• Hair & Makeup: Looking good on camera is different than looking good to the naked eye. It’s worth bringing in a professional who knows hair and makeup for photography; for example, you may want your model to have a smoky eye, but the flash creates shadows intensifying that look. You want a makeup artist who knows how to adjust for lighting to achieve the desired look on camera.
  • Brand Representative (You): This is usually an art director or creative director. If you are on a tight budget, this same person might be handling production tasks like arranging lunch, managing the shot list, location, transportation, etc.
  • Producer or PA: If you can afford one, you want one. A producer/PA allows the rest of your team to focus on their primary roles. They’ll get lunch, manage transportation, permits, send call sheets, help with set up and steaming, and anything miscellaneous that comes up.
  • Location: If you're shooting in-studio, you need to book time if the photographer doesn’t already have their own space. If you're shooting on-location, you may need to acquire permits for public spaces, rent a private dwelling, or get permission to shoot on hotel or other business property.
  • Set Designer and/or Prop Stylist: If you are shooting in-studio and have something unique you want to create, you may want to hire a set designer and/or a prop stylist to bring the set to life.
Looking good on camera is different than looking good to the naked eye.

Studio photo of model in white romper and tan hat, blue background

Studio backdrops don’t have to be white.
*photo by Foxes & Wolves

Step 4: Shot List

Please don’t have a photoshoot without a shot list. No one on your highly skilled team of professionals will have a clue what’s going on if it’s only in your head.

No one on your highly skilled team of professionals will have a clue what’s going on if it’s only in your head.

Even if you don't know exactly what each look will be, you want to map it out as close as possible beforehand. Tears help if you have them. The more you are able to predetermine, the more you will be able to shoot; it also helps you work through problems before the shoot instead of during the shoot, saving time.

Your shot list, at the most basic level, should include a list of looks (and the products in them if applicable) and some creative direction for each shot. This is a great place to utilize your stylist: they can help you create the looks and brainstorm styling and accessories to make sure you are on the same page, helping both of you do your jobs better.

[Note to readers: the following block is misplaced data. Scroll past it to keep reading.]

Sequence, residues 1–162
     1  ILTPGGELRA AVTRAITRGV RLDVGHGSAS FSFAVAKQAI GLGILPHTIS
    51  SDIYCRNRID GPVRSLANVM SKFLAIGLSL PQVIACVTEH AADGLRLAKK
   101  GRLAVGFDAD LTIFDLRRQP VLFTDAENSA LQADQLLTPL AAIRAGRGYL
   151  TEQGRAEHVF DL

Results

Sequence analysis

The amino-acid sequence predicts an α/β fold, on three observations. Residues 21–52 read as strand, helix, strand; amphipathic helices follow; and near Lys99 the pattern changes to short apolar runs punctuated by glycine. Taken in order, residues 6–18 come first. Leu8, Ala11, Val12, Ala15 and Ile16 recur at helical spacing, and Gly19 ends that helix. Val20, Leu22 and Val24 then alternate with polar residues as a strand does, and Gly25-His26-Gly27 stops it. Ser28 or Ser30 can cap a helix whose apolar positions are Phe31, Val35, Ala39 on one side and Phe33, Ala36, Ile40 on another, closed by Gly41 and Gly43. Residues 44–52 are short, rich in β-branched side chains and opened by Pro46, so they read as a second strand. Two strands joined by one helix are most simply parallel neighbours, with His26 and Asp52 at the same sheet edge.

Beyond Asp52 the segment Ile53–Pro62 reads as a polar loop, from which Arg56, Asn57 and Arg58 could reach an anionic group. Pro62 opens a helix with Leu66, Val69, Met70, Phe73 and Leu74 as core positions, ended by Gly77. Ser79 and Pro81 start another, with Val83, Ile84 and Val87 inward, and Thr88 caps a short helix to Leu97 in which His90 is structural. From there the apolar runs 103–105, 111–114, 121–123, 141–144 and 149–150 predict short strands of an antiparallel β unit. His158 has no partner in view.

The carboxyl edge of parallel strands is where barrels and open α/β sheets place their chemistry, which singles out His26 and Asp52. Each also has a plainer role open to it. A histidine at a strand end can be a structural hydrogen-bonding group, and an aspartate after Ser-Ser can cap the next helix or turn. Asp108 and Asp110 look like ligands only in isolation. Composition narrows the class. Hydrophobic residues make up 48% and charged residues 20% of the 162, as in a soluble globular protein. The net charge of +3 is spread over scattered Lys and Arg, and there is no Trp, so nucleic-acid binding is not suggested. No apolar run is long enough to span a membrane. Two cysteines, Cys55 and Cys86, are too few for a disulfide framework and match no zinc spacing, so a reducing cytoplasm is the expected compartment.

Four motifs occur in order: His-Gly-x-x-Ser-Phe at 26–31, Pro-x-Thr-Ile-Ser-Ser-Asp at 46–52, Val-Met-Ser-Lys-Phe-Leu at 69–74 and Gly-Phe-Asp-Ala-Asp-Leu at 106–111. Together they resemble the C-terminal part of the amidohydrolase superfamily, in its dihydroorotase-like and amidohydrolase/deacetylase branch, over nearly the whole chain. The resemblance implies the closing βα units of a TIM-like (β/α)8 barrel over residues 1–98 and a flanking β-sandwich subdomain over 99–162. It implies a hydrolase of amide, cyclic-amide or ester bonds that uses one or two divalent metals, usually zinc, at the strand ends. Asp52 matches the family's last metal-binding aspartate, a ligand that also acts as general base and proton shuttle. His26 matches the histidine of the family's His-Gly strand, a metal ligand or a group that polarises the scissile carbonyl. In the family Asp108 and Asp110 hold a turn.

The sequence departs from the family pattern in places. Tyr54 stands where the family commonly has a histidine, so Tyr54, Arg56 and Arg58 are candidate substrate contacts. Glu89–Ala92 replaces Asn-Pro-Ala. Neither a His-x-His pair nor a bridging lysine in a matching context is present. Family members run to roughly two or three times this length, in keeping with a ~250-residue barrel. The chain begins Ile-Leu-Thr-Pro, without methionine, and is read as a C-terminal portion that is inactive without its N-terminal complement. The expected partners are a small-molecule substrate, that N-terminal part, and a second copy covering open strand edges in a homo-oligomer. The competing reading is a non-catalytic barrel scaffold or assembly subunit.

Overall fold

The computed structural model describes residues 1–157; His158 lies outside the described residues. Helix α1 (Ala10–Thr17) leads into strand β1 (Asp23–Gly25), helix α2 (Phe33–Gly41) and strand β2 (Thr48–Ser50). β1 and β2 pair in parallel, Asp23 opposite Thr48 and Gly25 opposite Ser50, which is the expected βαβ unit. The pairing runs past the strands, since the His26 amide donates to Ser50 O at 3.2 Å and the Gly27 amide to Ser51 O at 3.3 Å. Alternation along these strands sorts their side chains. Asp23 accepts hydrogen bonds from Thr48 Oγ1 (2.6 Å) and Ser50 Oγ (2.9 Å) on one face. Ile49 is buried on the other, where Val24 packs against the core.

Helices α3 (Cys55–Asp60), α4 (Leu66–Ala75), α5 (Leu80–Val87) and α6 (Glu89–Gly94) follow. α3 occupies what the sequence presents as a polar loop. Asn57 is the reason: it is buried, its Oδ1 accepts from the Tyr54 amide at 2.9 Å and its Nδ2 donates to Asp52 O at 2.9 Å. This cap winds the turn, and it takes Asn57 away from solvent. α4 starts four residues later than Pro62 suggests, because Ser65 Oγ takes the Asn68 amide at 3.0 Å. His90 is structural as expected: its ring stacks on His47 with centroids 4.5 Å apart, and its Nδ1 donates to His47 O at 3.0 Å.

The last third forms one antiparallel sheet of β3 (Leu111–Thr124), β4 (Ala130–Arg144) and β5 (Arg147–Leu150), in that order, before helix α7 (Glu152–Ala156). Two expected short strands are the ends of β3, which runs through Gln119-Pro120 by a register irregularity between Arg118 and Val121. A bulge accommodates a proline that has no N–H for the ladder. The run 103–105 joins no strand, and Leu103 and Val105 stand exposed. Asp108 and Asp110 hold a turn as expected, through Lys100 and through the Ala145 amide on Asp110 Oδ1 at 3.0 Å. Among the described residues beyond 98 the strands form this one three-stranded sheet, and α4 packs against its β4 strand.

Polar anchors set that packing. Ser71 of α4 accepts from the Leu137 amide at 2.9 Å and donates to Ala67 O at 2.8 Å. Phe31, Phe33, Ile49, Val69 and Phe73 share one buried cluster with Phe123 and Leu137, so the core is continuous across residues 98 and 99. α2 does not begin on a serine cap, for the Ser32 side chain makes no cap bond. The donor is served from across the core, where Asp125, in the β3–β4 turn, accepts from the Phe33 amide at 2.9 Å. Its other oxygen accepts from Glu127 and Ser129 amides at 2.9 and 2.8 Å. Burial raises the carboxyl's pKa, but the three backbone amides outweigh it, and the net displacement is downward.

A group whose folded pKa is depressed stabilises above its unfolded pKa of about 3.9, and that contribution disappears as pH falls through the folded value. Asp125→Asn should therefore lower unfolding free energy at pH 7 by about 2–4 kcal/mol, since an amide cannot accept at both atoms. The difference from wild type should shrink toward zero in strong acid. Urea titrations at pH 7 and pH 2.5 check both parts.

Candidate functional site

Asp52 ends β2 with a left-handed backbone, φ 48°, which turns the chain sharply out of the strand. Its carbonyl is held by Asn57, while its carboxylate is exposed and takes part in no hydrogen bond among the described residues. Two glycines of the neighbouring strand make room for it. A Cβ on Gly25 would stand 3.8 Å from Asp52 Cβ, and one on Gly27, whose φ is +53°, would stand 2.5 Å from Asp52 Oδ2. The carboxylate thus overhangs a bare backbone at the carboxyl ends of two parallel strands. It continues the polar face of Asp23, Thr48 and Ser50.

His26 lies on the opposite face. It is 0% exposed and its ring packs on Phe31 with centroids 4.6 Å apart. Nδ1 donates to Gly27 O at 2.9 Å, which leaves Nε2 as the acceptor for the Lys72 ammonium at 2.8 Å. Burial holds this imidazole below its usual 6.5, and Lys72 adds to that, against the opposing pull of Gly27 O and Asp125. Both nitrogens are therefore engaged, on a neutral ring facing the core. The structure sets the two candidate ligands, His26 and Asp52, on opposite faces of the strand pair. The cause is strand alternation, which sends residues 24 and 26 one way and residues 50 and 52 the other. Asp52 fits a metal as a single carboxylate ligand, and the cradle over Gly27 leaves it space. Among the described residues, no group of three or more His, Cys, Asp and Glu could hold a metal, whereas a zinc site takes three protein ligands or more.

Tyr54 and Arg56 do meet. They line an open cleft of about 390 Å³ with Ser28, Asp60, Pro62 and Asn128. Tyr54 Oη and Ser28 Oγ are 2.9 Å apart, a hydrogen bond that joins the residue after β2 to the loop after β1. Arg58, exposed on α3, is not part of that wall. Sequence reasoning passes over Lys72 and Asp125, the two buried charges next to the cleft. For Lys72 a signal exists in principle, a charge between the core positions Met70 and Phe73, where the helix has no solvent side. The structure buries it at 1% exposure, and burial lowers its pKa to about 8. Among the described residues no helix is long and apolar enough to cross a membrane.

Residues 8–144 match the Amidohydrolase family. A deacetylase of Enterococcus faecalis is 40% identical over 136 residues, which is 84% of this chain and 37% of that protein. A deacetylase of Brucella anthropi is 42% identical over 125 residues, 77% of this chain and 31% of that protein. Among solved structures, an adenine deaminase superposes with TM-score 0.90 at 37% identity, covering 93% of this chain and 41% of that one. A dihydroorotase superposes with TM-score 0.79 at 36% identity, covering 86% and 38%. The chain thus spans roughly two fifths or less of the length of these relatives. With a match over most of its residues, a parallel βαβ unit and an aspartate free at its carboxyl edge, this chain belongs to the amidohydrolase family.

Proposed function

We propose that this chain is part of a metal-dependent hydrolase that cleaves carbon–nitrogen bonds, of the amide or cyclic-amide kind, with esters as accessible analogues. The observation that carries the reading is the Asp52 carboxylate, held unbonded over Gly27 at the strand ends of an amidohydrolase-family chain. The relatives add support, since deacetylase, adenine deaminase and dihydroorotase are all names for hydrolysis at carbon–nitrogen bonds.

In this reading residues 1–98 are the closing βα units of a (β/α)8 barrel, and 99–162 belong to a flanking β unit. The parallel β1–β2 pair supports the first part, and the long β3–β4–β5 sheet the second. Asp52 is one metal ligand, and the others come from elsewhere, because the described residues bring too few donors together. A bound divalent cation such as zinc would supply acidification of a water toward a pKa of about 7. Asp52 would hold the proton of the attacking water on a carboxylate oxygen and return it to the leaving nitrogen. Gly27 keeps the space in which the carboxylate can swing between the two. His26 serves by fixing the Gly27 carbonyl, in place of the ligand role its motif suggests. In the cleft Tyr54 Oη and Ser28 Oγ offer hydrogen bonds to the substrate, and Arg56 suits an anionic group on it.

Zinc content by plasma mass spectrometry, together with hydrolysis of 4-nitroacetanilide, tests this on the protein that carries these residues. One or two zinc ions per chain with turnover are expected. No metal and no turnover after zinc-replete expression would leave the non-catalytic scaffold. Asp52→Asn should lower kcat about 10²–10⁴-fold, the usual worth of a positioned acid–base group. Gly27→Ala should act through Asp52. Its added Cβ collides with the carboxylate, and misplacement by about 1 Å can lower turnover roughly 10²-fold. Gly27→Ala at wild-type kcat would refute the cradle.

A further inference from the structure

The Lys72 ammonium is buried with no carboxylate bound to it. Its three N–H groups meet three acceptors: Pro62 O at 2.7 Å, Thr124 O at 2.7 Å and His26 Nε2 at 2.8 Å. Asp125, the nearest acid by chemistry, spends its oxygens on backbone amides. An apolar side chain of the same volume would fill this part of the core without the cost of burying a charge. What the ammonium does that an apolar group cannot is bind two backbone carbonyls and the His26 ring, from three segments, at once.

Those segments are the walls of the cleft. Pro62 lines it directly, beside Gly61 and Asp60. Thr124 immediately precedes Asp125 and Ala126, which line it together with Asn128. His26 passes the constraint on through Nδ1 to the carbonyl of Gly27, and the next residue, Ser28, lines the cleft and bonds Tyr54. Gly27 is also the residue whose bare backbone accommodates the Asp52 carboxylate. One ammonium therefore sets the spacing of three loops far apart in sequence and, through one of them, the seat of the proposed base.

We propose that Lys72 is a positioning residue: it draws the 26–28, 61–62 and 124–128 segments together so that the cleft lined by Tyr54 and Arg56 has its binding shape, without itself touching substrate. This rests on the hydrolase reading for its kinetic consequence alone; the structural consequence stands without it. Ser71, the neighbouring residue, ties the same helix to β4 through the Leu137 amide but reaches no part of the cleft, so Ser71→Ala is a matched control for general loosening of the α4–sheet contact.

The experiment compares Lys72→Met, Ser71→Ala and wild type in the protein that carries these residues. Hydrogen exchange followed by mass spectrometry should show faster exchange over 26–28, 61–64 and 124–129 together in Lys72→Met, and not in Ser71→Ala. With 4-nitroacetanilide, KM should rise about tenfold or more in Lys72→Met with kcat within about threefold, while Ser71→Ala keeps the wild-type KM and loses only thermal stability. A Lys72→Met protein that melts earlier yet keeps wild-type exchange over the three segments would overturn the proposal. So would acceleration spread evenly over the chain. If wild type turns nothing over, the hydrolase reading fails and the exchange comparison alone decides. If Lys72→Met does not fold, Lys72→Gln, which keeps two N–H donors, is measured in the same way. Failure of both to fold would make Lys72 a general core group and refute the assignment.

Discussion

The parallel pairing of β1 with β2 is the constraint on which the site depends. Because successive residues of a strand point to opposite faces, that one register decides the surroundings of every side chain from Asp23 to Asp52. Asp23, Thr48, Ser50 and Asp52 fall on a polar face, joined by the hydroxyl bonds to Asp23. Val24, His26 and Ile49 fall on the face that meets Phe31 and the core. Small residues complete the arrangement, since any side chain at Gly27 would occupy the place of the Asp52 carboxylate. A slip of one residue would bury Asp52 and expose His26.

Be realistic about how much you can shoot. Depending on the pace of your shoot, in my experience, you can shoot anywhere from 10 to 30 looks for a lookbook in one day. Keep in mind the number will be on the lower end if you have multiple locations in a day or want to be meticulous with each shot. It’s smart to prioritize your shot list in case you run out of time.

Be realistic about how much you can shoot.

Stylist Sarah Kensell adjusting hat on model Jen Hawkins, leaning against VW Beetle outdoors in Todas Santos, Mexico

A stylist will perfect looks in the moment.
*photo by Taryn Kent of behind the scenes for The Paradise Society

Shooting Your Lookbook

You’ve planned meticulously, assembled your crew, and now the big day is finally here! If you hired the right people then they will all bring what they need to get their job done. Here’s a few things for you to keep in mind:

  • Be the first one there. You don't want to be rushed. You want to have time to brainstorm with the photographer during set up, and have time to handle any last minute roadblocks or issues. Prepare for the unexpected.
  • Supply the product that needs to be shot (unless you choose to hand that off to the producer beforehand).
  • Have your creative brief or mood board and shot list printed out (or in an editable digital document on a portable device) to reference throughout the shoot. You’ll want to be looking at the shots to make sure they match to your vision. Being able to mark up your documents is important, because things will always change on the fly and you’ll want to be able to make notes or move things around as needed.
  • Don't forget the snacks! Photoshoots make people hungry.
  • Stay on task and be aware of your shot count throughout the day. The first few looks always take the longest, but once you get in the groove you want to keep that flow going as long as you can. Snacks help. Did I mention snacks?
  • Bring some way to play music. Nothing makes a shoot more awkward than silence.

With the right talent and preparation, the day of the shoot will be both fun and productive.
*photos by Embry Rucker for Rocky Barnes Blog

Using The Photos

Now you have awe inspiring photos. What do you do with them? Whatever you do, don’t waste them!

If some shots don't seem to tie into the rest then consider making a few shots into a second lookbook. Use the photos, use all of them, and use them for as long as they are relevant to your season.

Use the photos, use all of them, and use them for as long as they are relevant to your season.

Wherever you choose to use the images (online lookbooks, Instagram, Facebook, store signage, web banners, product details pages), just be sure of a few things:

  • Make the photos “shoppable.” Whatever platform you are using, be sure to make it easy for your customer to find the products quickly to convert and purchase.
  • Align timing across channels and mediums you are using to showcase the photos, so that you are showing a cohesive brand image to your customer.
  • Be very clear on your usage rights for the photos (from photographer and models) and don't break out of that agreement. Most terms are for either web, print, social, or advertising for a duration of 6-12 months.

That’s it! Use your photos, create a brand identity, engage your customer, and see what a difference quality photography can make.

Do you have questions about shooting a lookbook? Let me know in the comments below!